Chapter

The sensorineural hearing loss model of tinnitus

Jos J. Eggermont

in The Neuroscience of Tinnitus

Published in print May 2012 | ISBN: 9780199605606
Published online September 2012 | e-ISBN: 9780191741555 | DOI: http://dx.doi.org/10.1093/acprof:oso/9780199605606.003.0007
The sensorineural hearing loss model of tinnitus

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The primary targets of noise trauma (and ototoxic drugs) are the cochlear hair cells. Even if the result of noise exposure is just a temporary threshold shift, this may result in permanent loss of the ganglion cells that innervate the inner hair cells. Central nerve degeneration may ensue. The trauma generally causes a reduction in spontaneous firing rates of auditory nerve fibers. This typically causes an imbalance between neural excitation and inhibition in the central auditory system. This results in hyperactivity in the DCN, and can result in tonotopic map reorganization, likely only in cortical areas, accompanied by increased SFR and increased neural synchrony. This trio of changes is considered to comprise potential neural substrates of tinnitus. Shortly after the trauma restoration of the excitatory-inhibitory balance can prevent the occurrence of these substrates and likely also tinnitus.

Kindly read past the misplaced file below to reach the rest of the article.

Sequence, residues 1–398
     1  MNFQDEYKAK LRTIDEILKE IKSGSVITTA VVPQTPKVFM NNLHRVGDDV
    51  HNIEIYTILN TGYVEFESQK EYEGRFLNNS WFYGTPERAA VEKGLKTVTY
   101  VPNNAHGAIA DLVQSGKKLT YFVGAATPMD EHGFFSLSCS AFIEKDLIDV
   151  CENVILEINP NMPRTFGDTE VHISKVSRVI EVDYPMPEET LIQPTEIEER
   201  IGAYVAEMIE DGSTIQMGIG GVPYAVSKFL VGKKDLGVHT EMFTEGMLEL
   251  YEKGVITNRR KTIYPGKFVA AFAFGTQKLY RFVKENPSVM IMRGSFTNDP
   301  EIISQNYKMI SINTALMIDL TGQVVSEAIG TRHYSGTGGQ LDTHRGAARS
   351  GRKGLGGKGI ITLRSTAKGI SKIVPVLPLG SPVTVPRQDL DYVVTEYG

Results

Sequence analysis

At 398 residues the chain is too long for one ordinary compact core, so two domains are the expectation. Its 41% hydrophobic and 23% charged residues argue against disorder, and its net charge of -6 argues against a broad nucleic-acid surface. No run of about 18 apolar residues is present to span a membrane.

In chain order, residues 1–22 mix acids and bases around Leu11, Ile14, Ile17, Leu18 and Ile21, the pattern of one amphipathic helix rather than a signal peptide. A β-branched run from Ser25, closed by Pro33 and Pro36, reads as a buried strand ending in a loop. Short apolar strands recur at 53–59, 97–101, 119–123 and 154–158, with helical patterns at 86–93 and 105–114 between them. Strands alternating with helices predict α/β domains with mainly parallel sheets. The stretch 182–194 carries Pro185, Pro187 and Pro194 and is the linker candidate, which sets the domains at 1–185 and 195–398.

Keywords: noise-induced hearing loss; ototoxic drugs; temporary threshold shift; cochlear ablation; conductive hearing loss; animal model; central nervous system; enhanced acoustic environment; neurotransmitters; immediate early genes

Chapter.  13515 words.  Illustrated.

Subjects: Neuroscience

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